Southern California

We’ve stayed at several great spots on our way to San Diego. We are fortunate that a number of yacht clubs let us stay on their dock for a night or two as reciprocals from Seattle Yacht Club. It’s fun to see the variety of clubs large and small on the California coast. I have to remind myself that there are millions more people in California than in Washington, and hundreds of miles of coastline, good reasons for the plethora of clubs!

Mylar Balloons are a Scourge

As we were coming down from Santa Barbara, I saw a funny looking item floating in the water. It was pink, which is not a color used by fishermen on floats. We got closer and realized it was a balloon. I wanted to grab it to prevent it from winding up in the gullet of a whale or dolphin.

Three balloons retrieved from the water. I regret that we couldn’t get more.

As we headed in, we retrieved more, but could not get all we saw as winds were picking up and we needed to get in to port. I thought there must have been a party that lost control of its balloons, but the manager of the yacht club told me it is such a scourge they have a monthly contest for who can pick up the most balloons, and the prize is Prime Rib dinner for two! Every month!

Marina Del Rey

We stayed two nights at the California Yacht Club in Marina Del Rey, a gigantic man-made boat basin that holds over 6,000 boats. They assigned us their end-tie guest slip so docking without the use of our bow thruster was not a problem.

After trying unsuccessfully to arrange for a diver to investigate the underwater tunnel of our bow thrusters, I flagged down one of the many divers zooming around the basin and he was very kind to take a look, and verified there was nothing in there.

Very nice diver checking the bow thruster tunnel.

That afternoon we hopped on our bikes and rode the path to Venice Beach and beyond to the Santa Monica pier. Venice was both seedier than we thought it would be, and much less active, despite it being in the 70s and sunny. It was a weekday though, and I expect even Southern Californians do have to work.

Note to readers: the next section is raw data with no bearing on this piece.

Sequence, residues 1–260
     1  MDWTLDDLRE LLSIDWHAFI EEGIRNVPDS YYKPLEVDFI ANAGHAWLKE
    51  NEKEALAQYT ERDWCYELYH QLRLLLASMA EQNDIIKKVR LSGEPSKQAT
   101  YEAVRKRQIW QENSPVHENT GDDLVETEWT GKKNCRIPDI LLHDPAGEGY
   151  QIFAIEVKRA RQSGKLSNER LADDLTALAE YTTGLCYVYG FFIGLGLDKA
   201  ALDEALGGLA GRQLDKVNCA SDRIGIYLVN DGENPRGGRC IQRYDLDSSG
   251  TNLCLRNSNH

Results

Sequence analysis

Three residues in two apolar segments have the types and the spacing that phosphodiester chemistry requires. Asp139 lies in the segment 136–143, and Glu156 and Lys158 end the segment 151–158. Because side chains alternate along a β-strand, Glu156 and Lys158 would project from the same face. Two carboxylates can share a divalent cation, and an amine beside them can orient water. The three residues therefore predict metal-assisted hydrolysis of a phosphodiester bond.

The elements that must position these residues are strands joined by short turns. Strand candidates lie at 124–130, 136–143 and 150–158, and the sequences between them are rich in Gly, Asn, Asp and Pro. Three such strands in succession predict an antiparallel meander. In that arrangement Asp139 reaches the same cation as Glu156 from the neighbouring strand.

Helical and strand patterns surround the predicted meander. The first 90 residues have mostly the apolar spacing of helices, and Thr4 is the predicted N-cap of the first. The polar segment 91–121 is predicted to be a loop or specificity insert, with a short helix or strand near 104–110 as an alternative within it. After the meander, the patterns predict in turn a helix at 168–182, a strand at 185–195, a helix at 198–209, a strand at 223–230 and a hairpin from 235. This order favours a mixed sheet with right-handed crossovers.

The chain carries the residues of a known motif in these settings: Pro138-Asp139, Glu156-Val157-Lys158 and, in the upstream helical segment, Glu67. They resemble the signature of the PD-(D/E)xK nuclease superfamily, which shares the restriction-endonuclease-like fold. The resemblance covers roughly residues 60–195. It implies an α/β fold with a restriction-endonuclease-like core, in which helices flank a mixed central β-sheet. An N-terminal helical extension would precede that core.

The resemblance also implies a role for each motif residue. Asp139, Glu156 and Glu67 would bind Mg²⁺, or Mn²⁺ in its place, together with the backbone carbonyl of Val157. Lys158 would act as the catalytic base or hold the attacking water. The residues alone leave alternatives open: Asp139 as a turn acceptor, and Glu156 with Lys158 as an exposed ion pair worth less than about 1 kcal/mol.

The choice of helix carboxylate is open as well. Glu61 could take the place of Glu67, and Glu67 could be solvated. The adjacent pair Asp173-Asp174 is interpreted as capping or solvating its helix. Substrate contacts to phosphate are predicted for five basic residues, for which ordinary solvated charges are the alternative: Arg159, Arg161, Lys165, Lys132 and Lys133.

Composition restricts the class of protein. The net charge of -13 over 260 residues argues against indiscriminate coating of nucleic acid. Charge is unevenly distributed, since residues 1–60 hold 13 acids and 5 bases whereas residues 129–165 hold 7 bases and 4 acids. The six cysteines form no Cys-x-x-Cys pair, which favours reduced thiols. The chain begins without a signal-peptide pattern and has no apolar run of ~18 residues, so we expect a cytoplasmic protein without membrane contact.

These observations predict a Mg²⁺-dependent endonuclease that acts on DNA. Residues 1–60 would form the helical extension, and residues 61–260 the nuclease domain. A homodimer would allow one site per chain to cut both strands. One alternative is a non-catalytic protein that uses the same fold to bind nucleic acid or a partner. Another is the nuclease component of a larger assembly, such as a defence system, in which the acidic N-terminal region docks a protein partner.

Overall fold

The pier reminded us of Coney Island.
The swarming of pigeons and seagulls felt like The Birds!


Yesterday we got in pretty early to Oceanside. It’s a much smaller boat basin, for less than 1,000 boats and no super yacht sized boats. The harbor shares the oceanfront with Camp Pendleton, the largest Marine base on the West Coast.

We walked around the circumference of the marina to the beach, never finding the long boardwalk that we had read about. I suspect that our guidebook is becoming out of date since it was published 12 years ago.

Looking out from the Oceanside Yacht Club deck.
Miss Miranda at the end-tie.

The sea lions have become an increasing presence as we make our way down the coast. We have seen them lounging on docks and finger piers. We were serenaded all night by their barking at Oceanside.

The sea lion float. Quite odoriferous downwind.

Today we will make it San Diego and a week of preparations for our Mexico departure on the 30th!

2 thoughts on “Southern California”

  1. Yikes!! Can’t believe that you are already preparing for the Mexico leg of your journey. Do you pick up Sean soon? Aunt Jan


  2. Great pics! And sunshine! Sad about the balloons. Time to invent an edible option.πŸ’•πŸ€—πŸ’•πŸ€—

    Sent from my iPad



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